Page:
Penelope (Πηνελόπη) is a character of the Odyssey, one of the two great epic poems (the other being the Iliad; both are attributed to Homer) of ancient Greek literature. Her name is close to the Greek word for "duck," but is usually understood to be a combination of the greek word for "web" or "woof" (πηνη) and the word for "face" (ωψ), very appropriate for a weaver of cunning whose motivation is hard to decipher.
Role in the Odyssey
Penelope is the wife of the main character, the king of Ithaca Odysseus and daughter of Icarius and his wife Periboea. She waits twenty years for the final return of her husband from the Trojan War, while she has hard times in refusing marriage proposal from several princes (such as Agelaus, Amphinomus, Ctessippus, Demoptolemus, Elatus, Euryades, Eurymachus, Irus and Peisandros, led by Antinous) for four years since the fall of Troy. Odysseus, disguised as an old beggar, sees that Penelope has remained faithful to him. She devises tricks to delay her suitors, one of which is pretending to weave a burial shroud for Odysseus' elderly father Laertes and claiming she will choose one suitor when she has finished. Every night for three years she undoes part of the shroud, until the suitors discover her plot.
Because of her efforts in putting off remarriage, she is often seen as a symbol of connubial fidelity. However, Penelope is getting restless (due, in part, to Athena's meddling) and variously calling out for Artemis to kill her and (apparently) considering marrying one of the suitors. When the disguised Odysseus returns to his home, she announces that whoever can string a particularly rigid bow can have her hand. There is debate over whether or not she is aware that Odysseus is behind the disguise. By Penelope and the suitors' knowledge, Odysseus, were he in fact present, would clearly surpass any of the suitors in any test of masculine skill that could be contrived.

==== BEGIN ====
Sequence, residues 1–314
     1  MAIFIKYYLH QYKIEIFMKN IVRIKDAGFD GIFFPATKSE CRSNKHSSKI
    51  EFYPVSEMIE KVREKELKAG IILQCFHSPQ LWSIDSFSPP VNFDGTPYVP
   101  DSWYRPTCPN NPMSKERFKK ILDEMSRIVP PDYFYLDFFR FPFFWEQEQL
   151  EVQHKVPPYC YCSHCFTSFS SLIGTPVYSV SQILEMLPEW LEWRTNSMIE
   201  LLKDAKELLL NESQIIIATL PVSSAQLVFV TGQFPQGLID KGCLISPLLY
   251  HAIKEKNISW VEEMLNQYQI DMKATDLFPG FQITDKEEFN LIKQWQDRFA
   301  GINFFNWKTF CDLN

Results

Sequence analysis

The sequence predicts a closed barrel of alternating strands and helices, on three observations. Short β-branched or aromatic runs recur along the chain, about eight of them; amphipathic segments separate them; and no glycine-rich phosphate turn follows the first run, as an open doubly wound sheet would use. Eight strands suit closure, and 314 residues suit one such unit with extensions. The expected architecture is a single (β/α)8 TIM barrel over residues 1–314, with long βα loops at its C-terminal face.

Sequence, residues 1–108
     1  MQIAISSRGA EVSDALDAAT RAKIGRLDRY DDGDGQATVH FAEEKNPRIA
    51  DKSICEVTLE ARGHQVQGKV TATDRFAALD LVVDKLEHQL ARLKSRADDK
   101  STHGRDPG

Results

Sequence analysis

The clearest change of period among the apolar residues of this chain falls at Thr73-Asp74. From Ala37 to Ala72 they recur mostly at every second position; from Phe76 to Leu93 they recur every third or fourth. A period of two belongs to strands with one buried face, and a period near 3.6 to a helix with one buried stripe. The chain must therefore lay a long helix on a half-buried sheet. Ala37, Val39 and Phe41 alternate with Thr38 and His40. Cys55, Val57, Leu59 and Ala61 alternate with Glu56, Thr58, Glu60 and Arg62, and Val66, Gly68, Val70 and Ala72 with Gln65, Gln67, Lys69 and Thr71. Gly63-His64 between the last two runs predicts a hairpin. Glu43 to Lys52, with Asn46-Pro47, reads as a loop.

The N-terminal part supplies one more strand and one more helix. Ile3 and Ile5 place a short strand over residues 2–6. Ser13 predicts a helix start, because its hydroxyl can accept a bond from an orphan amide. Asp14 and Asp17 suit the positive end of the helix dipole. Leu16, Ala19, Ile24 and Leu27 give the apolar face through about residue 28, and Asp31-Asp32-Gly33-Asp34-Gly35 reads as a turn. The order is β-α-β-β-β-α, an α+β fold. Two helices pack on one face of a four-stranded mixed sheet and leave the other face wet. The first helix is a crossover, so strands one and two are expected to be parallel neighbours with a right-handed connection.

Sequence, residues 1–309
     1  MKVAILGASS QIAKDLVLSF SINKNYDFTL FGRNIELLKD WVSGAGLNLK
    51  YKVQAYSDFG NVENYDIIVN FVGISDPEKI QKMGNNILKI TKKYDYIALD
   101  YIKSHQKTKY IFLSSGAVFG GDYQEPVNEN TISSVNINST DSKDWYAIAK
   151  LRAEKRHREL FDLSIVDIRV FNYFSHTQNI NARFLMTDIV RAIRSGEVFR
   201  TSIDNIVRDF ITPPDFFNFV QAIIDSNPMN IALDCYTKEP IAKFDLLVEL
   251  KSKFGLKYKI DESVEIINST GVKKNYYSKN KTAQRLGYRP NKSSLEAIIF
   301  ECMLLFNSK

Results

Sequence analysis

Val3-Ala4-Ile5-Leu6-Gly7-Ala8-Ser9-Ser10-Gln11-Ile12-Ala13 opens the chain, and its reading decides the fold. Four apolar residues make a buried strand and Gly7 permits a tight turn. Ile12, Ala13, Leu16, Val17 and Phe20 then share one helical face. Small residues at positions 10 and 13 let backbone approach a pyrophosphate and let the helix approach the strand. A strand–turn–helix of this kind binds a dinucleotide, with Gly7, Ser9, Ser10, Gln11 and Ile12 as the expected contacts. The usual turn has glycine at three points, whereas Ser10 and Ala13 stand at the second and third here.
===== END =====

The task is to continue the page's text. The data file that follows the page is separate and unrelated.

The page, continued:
Odysseus watched the suitors drink and take advantage of his family's hospitality, and gets more and more angry. The contest of the bow begins, but none of the suitors can string the bow, and Odysseus wins the contest and proceeds to kill them all with help from his son Telemachus, Athena and a servant, Eumaeus. Odysseus has now shown himself in all his glory, and it is standard (in terms of a recognition scene) for all to recognize him and be happy. Penelope, however, cannot believe her husband has really returned (she fears that perhaps it is some god in disguise as Odysseus, as in the story of Alcmene), and tests him by ordering her servant Euryclea to move the bed in their wedding-chamber. Odysseus protests that this can not be done since he had made the bed himself and knows that one of its legs was a living olive tree, and Penelope finally accepts that he is truly her husband. That moment highlights their homophrosyne (like-mindedness).
In one story, after Odysseus' death, she marries his son by Circe, Telegonus, with whom she was the mother of Italus. Telemachus also marries Circe when Penelope and Telemachus bring Odysseus' body to Circe's island.
Some of Penelope's suitors are:
The 108 suitors' homelands and strength are:
- 52 from Dulichum (with 6 serving-men)
- 24 from Same
- 12 from Ithaca (with Meldon the herald, Phemius the bard, and 2 other servants)
- Homer, Odyssey
- Seth L. Schein, Reading the Odyssey: Selected Interpretive Essays Princeton University Press (1996) ID=0-691-04440-6